Package Providers

This page contains guidelines for writing package providers.

Package Functions

One of the most important features of Salt is package management. There is no shortage of package managers, so in the interest of providing a consistent experience in pkg states, there are certain functions that should be present in a package provider. Note that these are subject to change as new features are added or existing features are enhanced.

list_pkgs

This function should declare an empty dict, and then add packages to it by calling pkg_resource.add_pkg, like so:

__salt__['pkg_resource.add_pkg'](ret, name, version)

The last thing that should be done before returning is to execute pkg_resource.sort_pkglist. This function does not presently do anything to the return dict, but will be used in future versions of Salt.

__salt__['pkg_resource.sort_pkglist'](ret)

list_pkgs returns a dictionary of installed packages, with the keys being the package names and the values being the version installed. Example return data:

{'foo': '1.2.3-4',
 'bar': '5.6.7-8'}

latest_version

Accepts an arbitrary number of arguments. Each argument is a package name. The return value for a package will be an empty string if the package is not found or if the package is up-to-date. The only case in which a non-empty string is returned is if the package is available for new installation (i.e. not already installed) or if there is an upgrade available.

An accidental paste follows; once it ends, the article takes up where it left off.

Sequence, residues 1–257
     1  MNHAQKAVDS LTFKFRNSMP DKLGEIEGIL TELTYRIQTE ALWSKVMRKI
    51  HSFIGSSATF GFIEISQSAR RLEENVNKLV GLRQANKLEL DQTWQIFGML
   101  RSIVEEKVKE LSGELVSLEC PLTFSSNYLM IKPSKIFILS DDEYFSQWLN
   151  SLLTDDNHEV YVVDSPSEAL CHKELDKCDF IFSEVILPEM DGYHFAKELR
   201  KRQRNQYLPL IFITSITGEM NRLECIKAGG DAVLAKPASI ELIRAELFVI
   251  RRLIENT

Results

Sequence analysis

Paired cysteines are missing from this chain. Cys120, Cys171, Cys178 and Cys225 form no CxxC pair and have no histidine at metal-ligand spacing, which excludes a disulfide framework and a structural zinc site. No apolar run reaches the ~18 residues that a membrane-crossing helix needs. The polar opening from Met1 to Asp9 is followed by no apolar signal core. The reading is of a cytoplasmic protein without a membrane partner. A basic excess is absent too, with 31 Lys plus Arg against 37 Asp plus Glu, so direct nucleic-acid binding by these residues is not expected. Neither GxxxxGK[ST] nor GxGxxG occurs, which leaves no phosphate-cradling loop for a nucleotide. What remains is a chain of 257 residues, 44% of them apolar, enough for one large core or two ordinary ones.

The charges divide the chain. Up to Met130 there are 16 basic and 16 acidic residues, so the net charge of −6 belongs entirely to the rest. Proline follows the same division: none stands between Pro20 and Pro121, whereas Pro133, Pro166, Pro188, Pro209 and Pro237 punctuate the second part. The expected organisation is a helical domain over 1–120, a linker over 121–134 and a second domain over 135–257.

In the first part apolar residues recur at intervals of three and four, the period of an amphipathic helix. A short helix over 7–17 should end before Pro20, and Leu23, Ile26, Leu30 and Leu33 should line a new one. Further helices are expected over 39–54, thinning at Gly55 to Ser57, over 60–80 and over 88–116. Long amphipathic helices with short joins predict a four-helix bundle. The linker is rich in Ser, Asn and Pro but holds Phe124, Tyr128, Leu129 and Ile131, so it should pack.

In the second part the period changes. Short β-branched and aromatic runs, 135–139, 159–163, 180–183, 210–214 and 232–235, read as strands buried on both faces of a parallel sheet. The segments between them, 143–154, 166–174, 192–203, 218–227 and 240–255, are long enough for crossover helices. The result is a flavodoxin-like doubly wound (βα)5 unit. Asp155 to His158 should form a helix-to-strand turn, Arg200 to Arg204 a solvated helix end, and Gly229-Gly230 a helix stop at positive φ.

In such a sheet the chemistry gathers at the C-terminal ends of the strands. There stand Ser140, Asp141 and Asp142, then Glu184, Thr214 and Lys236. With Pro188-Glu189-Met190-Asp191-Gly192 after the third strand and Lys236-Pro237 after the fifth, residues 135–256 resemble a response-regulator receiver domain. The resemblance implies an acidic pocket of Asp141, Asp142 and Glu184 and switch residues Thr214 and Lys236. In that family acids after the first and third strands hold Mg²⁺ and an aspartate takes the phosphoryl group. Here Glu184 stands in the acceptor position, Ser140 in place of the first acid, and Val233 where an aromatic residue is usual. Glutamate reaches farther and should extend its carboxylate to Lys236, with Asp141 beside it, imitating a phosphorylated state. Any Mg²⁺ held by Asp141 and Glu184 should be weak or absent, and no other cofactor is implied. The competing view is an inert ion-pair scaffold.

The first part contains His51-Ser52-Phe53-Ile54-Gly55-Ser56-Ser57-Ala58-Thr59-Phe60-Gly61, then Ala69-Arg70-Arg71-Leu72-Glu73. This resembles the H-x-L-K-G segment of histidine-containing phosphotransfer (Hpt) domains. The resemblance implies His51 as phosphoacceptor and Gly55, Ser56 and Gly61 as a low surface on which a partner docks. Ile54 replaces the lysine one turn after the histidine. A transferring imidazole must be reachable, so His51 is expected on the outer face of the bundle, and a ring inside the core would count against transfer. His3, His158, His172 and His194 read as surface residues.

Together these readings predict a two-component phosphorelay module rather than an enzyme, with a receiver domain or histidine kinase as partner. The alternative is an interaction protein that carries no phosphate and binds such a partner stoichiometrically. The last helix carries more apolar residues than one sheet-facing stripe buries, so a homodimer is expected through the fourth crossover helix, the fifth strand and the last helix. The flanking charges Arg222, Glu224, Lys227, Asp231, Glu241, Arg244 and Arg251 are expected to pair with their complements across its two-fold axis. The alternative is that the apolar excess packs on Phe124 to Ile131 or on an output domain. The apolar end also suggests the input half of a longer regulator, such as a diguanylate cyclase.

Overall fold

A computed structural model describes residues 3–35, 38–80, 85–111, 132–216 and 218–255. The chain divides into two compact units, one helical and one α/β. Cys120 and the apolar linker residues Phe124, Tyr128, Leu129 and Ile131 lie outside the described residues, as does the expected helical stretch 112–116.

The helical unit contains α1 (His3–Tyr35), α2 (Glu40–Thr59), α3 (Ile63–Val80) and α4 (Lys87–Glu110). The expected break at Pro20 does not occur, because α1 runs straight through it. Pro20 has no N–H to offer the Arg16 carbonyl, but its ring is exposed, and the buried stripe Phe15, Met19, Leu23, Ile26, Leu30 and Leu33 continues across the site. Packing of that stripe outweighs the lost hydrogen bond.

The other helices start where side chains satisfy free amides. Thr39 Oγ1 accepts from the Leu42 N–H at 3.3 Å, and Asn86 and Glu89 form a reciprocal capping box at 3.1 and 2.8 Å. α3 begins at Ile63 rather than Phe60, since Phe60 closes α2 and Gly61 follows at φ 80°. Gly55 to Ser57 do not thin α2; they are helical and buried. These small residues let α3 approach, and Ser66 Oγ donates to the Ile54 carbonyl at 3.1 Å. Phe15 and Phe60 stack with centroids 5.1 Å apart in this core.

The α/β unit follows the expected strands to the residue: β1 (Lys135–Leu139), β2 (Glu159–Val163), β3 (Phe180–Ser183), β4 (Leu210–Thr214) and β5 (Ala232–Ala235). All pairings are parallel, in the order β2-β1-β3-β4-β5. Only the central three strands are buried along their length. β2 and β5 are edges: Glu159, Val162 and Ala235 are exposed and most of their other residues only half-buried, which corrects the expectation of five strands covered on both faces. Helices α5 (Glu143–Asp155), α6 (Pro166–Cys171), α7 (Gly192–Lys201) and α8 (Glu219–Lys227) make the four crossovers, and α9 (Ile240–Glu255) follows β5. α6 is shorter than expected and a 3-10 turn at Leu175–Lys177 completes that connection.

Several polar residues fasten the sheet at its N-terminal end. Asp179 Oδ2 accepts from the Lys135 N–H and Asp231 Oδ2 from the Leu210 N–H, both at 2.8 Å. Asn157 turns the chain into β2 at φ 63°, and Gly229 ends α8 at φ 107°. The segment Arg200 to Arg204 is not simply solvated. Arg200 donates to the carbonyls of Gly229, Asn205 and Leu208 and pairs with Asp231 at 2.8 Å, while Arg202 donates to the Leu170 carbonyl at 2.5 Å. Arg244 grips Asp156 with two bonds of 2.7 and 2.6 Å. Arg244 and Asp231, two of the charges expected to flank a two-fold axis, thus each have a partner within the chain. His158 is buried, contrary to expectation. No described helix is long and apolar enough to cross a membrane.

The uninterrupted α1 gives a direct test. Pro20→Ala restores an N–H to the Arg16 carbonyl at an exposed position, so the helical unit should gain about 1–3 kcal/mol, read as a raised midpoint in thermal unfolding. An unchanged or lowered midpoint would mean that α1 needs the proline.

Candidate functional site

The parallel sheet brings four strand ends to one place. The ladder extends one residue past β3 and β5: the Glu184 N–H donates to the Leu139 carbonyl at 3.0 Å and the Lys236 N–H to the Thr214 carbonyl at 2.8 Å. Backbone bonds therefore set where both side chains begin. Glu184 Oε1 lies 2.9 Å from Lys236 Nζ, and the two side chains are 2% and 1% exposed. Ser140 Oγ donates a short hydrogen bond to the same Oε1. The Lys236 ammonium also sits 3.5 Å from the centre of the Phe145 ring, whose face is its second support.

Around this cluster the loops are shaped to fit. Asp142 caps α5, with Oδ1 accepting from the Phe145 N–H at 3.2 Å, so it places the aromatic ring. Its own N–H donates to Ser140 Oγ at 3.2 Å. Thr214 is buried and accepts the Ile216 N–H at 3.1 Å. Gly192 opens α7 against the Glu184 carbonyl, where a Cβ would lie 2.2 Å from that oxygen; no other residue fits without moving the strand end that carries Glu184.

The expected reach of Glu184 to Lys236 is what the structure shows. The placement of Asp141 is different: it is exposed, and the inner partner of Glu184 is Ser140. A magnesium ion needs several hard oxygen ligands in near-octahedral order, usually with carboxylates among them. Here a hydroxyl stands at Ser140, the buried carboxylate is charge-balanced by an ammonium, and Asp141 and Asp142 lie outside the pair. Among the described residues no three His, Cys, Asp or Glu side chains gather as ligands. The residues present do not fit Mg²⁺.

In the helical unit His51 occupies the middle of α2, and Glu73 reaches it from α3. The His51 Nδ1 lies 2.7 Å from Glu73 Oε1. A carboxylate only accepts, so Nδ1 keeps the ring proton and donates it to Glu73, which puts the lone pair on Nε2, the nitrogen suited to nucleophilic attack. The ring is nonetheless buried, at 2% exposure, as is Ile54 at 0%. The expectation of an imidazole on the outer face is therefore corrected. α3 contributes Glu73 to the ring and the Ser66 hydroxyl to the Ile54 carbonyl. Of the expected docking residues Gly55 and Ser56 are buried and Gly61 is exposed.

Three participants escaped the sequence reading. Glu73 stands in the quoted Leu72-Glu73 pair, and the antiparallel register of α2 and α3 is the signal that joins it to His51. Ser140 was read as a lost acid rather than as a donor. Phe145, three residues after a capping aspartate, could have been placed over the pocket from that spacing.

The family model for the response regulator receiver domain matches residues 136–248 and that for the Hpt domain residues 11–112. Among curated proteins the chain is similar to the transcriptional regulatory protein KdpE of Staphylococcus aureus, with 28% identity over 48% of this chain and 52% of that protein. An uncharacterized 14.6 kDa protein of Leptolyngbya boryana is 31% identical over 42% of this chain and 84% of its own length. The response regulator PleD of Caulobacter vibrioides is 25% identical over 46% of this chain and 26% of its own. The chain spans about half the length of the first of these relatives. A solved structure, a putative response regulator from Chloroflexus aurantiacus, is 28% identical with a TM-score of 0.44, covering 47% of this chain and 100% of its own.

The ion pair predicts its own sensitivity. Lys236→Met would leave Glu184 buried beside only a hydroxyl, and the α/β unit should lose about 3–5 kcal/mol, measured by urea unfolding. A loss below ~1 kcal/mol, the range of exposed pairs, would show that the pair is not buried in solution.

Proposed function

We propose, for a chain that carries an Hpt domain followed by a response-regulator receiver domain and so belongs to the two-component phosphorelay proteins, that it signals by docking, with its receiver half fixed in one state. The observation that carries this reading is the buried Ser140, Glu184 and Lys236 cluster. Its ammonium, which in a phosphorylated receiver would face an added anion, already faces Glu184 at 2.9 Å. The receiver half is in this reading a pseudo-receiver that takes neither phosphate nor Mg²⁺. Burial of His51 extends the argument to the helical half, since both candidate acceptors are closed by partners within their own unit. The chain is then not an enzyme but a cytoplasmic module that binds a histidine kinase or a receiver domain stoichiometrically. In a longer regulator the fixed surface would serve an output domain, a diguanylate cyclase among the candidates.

If only one argument was passed, this function return a string, otherwise a dict of name/version pairs is returned.

This function must also accept **kwargs, in order to receive the fromrepo and repo keyword arguments from pkg states. Where supported, these arguments should be used to find the install/upgrade candidate in the specified repository. The fromrepo kwarg takes precedence over repo, so if both of those kwargs are present, the repository specified in fromrepo should be used. However, if repo is used instead of fromrepo, it should still work, to preserve backwards compatibility with older versions of Salt.